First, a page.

Queremos was founded in Rio de Janeiro to increase the number of concerts held there. Many big-name bands from the U.S. and other major markets wouldn’t perform there despite the city’s high population and cultural status, because concertgoers there frequently wouldn’t plan ahead to see shows. Most would wait until the last minute to decide whether or not they wanted to attend a live event. That made life difficult for concert promoters who couldn’t predict attendance for events and, as a result, meant that many artists wouldn’t tour there.
Queremos, launching at TechCrunch Disrupt in San Francisco today, seeks to solve that by creating a platform where fans interested in seeing a certain act could pledge money upfront to get a concert funded. Once a minimum threshold was reached, the concert was planned. Those early supporters who participated in the initial funding ended up getting first dibs on tickets before they went on sale to the general public. That way, artists and venues would be guaranteed to make money.
It’s like Kickstarter for concerts, and it’s been pretty successful in its home market. Co-founder Tiago Compagnoni says that the startup has successfully planned and promoted 36 live events since being founded in 2010. Surprisingly enough, despite the market’s reputation for fickle event attendees, Queremos has yet to have an unsuccessful campaign, Compagnoni said.
But that was all about Queremos promoting its own events. At TechCrunch Disrupt, the startup is opening up its platform to let other promoters create their own crowdfunded events. The hope is that by doing so, bands might be more inclined to visit smaller markets that they otherwise wouldn’t have stopped at on their tours. And lesser-known bands might find they have more of a following than they originally thought — enough, at least, to justify playing a city or venue they probably didn’t think about.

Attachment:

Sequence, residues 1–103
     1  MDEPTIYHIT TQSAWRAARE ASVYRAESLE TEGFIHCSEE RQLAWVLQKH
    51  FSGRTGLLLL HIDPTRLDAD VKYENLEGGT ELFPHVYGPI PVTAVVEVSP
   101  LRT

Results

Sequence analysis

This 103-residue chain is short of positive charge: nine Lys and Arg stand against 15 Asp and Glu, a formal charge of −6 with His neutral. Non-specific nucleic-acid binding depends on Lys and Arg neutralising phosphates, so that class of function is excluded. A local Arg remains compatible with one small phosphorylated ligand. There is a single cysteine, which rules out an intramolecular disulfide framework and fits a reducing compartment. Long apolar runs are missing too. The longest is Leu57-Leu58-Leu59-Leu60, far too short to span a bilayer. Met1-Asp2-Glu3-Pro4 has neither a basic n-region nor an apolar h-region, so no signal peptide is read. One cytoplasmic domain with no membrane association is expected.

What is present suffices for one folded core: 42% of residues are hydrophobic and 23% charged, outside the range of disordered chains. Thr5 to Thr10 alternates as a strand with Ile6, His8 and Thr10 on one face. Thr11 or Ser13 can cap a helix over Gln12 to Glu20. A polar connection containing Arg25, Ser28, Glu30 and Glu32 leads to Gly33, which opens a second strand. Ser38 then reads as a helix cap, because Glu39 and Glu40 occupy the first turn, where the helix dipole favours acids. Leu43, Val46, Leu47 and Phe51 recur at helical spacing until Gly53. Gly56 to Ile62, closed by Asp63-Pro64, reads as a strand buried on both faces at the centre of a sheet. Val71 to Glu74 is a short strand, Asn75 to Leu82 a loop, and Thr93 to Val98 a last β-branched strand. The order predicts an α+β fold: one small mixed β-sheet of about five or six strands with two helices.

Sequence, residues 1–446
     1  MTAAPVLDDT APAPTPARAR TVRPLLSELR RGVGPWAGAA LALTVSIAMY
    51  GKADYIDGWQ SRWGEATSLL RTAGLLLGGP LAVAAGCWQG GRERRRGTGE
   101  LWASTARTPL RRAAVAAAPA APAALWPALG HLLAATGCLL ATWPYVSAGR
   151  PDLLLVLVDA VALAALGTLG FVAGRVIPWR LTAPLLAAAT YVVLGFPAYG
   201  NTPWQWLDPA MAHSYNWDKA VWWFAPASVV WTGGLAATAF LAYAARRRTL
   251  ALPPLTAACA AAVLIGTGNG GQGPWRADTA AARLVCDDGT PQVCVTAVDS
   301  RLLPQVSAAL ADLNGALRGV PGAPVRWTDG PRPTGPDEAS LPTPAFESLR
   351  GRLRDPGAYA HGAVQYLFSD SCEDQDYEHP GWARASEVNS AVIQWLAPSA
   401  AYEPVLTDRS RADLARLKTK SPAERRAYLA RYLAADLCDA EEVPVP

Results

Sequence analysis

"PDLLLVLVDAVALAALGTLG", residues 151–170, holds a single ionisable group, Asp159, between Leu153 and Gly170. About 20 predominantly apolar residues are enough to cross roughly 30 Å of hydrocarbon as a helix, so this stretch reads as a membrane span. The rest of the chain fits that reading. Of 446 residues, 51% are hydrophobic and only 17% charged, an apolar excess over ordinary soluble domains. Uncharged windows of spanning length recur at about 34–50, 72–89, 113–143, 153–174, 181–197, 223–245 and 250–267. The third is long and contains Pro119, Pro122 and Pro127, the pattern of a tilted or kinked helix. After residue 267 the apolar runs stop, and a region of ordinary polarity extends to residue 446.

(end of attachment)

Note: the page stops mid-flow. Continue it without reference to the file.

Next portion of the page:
Q: How do you work with the band and the venue to make sure that each is available for an event?
A: We have a business-to-business ecosystem that allows a promoter to see if a band is available on the site. Then you can go to a mezzanine and see if the venue is available.
Q: How do you start creating events and building an ecosystem in the U.S.?
A: The way it works is that bands have a booking agency, and you have to reach them. That’s what promoters do today. They’ll go to the band or ticket agency through queremos and see when they’re available.
Q: How many of the bands that you booked were from Brazil?
A: Only one concert we’ve done was a band from Brazil. Everyone else has been from the U.S. or U.K.
Q: How will you do things differently in the U.S.?
A: We started this as fans, and were doing this to bring concerts to our home market. But the U.S. market is much bigger.
Q: How do you build up a defensible business so that you’re not one of many startups fighting for a piece of market share?
A: The database is what protects in the music business. It’s not just a matter of getting a venue and band together, but also the fans we have, and getting feedback from the bands themselves.